Also known as Phlox amoena, Phlox divaricata, Phlox glaberimma, Phlox nivalis,
|Life Span:||Annual to short-lived perennial|
|Noted for:||Showy flowers|
|Recommended Uses:||Wildflower garden, typically q shade garden.|
|Light:||Full Sun, Part Shade|
always floodedextremely dry
|(Usually moist, occasional inundation ----- to ----- Short very dry periods)|
|Moisture Tolerance:||Usually moist, occasional inundation ----- to ----- Short very dry periods|
|Salt Water Flooding Tolerance:||Not salt tolerant of inundation by salty or brackish water.|
|Salt Spray/ Salty Soil Tolerance:||Low/no tolerance of salty wind or direct salt spray|
|Soil or other substrate:||Loam, Lime rock, Sand|
Some phlox species attract hummingbirds.
Attracts butterflies and bees.
|Native Habitats:||Open woods.|
Distribution and Planting Zones
Natural Range in Florida
Suitable to grow in:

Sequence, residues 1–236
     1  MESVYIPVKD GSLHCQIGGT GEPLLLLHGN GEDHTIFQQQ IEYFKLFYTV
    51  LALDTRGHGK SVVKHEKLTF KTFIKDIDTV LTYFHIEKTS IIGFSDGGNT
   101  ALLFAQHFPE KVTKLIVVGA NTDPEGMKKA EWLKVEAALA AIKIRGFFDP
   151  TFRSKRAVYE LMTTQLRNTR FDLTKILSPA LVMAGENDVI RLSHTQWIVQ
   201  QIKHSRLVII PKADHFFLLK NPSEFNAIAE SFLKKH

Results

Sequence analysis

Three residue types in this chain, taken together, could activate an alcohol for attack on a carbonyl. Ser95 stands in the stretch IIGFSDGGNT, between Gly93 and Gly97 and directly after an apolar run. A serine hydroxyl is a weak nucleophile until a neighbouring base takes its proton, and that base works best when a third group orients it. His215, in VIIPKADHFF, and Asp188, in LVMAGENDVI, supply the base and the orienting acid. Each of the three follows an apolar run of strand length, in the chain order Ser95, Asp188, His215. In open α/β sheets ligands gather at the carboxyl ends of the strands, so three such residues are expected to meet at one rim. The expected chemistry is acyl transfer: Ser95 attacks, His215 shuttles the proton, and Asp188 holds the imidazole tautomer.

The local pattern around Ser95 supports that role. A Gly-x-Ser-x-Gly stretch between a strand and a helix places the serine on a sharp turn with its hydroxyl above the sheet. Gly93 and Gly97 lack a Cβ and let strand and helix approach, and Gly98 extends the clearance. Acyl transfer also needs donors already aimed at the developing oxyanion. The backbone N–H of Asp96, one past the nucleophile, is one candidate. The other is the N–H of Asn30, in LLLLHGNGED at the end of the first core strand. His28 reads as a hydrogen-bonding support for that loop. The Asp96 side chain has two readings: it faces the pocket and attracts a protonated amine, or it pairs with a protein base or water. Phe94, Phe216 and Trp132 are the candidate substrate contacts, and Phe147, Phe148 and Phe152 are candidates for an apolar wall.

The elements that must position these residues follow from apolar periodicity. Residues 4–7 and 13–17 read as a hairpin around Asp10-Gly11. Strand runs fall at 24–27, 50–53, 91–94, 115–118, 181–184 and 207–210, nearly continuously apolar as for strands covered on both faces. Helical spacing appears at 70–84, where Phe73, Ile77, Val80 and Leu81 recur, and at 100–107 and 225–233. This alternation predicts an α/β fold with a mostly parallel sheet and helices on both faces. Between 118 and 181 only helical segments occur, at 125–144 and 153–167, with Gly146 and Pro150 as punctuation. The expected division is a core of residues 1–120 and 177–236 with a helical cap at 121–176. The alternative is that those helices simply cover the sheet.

8A 8B 9A
USDA zones are based on minimum winter temperatures
Florida has a number of Phlox species, almost all found in forested settings. The common roadside species (Phlox drummondii) is not a Florida native (Texas) -- it is a North American native and not believed to be harmful to the ecology of Florida as it spreads almost exclusively in disturbed, sunny areas (old fields, roadsides). Phlox can be either annual or perennial depending on species. Most grow as annuals.
We encourage you to use species found naturally in your area. Some phlox are annuals; some are perennial.